Wind in the Willows

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Rufus Hound as Toad. Photo by Marc Brenner

Step into the glorious English countryside and encounter the delights of woodland and water bank characters in this all new musical Wind in the Willows. Based on the 1908 much-loved children’s classic by Kenneth Grahame the story of Ratty, Mole, Badger and Toad has transformed from book to stage, adapted by Downton Abbey creator and Oscar winner Julian Fellowes with music and lyrics by George Stiles and Anthony Drewe.

It’s always a big ask for an audience to buy into a new musical yet this one managed to get the crowds flooding in as it opened at The Lowry, Salford this week where it runs until 6th November. Whether it was the adults craving some childhood nostalgia or introducing their own little ones to the charming tale it certainly struck the right chord on all levels.

From the opening bars we are welcomed into a world where creatures talk, dance and sing as they go about their day to day business. There’s families of foxes, otters, hedgehogs, squirrels and more as the cast of thirty plus perform a number of roles to bring the woodland to life. What the show is essentially about though are the friendships and bonds between these creatures and how they support each other through thick and thin. After a chance meeting by the riverbank, Ratty (Thomas Howes) invites Mole (Fra Fee) to come stay with him and they soon become great pals Messing About in A Boat. On the other side of the water the wise Badger (David Birrel) comes out of his sett to make his old friends’ son, Toad, keep on the straight and narrow.

Rufus Hound (Toad) is fast becoming a musical theatre name, having had successful roles in One Man, Two Guvnors and Dirty Rotten Scoundrels previously. The actor, presenter and comedian comes to this production with a much improved singing voice than ever before and seems perfectly cast as the erratic speed-loving Toad, letting loose on his outrageous behaviour. Having seen Hound previously in action I felt he could have made his portrayal of Toad even wilder especially in the show-stopping number The Amazing Mr. Toad, and really used his zaniness to full effect. Having said that he delighted the crowds and guaranteed lots of laughs as he ‘Poop Poop’d his way through endless scrapes!

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Fra Fee as Mole. Photo by Marc Brenner.

Fra Fee was adorable as the well-meaning Mole, with a heart of gold and a trusting nature. Fee’s lovely Irish lilt added an endearing quality to the character and his voice was full of real emotion for his home as he sang the solo A Place To Come Back To. Other notable performances came from Sophia Nomvete as Mrs Otter-bounding with energy and lighting up the stage with her charisma as the doting Mum looking out for her brood, plus Neil McDermott as Chief Weasel who brought a ‘Del Boy’ quality to the mischievous and downright dirty Wild Wood bunch.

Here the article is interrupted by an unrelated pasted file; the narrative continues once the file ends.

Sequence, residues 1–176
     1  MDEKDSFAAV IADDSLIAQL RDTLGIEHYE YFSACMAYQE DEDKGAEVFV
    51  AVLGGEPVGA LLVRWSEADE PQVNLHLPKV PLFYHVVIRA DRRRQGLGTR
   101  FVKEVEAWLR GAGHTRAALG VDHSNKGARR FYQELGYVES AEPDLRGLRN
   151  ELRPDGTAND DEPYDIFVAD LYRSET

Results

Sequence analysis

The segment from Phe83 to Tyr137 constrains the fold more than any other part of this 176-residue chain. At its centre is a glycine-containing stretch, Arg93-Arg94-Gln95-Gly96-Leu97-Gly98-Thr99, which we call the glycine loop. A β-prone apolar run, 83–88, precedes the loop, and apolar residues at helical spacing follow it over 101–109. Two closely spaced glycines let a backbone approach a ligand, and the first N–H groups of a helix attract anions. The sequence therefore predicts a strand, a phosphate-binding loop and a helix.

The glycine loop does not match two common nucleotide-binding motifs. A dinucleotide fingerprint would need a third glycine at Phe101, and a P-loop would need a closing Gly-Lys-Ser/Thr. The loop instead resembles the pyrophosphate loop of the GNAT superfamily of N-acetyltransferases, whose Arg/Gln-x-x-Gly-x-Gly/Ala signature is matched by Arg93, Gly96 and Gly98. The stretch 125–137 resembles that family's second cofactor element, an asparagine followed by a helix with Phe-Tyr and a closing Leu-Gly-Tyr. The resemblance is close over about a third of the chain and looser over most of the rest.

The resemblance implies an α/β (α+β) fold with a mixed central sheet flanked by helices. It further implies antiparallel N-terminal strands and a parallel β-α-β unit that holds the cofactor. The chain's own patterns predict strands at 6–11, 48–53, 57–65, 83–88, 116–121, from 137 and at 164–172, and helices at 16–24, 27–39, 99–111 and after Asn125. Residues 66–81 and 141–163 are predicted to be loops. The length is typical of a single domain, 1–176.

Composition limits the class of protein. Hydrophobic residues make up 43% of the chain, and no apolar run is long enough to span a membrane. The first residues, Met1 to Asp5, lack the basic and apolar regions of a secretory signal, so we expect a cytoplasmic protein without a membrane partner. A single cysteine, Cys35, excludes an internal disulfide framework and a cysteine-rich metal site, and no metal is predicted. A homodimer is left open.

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Neil McDermott as Chief Weasel and the company. Photo by Marc Brenner.

This is a big budget production with some massive ‘showy’ numbers but for me it wasn’t those which left a mark after the curtain fell, it was the scenes that touched your heart for their sweet innocence. By far the best moments were when the extremely cute Hedgehog family lamented the trials of The Hedgehog’s Nightmare of crossing the road without getting squashed by a car and the Door mice choirs beautiful singing.

The true star of the show of Wind in the Willows is the set, a stunning masterpiece by Peter McKintosh. It’s hard not to be blown away by the attention to detail he has gone to in creating the homes of the main characters, from the impressive circular bookcase in Badger’s den to the intentionally frog shaped frame of Toad’s mansion he really does the production proud and sprinkles a bit of magic in every scene.

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Badger’s den. Photo by Marc Brenner.

This quintessentially British production is well worthy of a West End transfer, which is definitely on the cards, although a tweak or two to some of the songs and a bit more action from the script wouldn’t go a miss before it gets there.

Wind in the Willow runs at The Lowry, Salford until 6th November

www.thelowry.com

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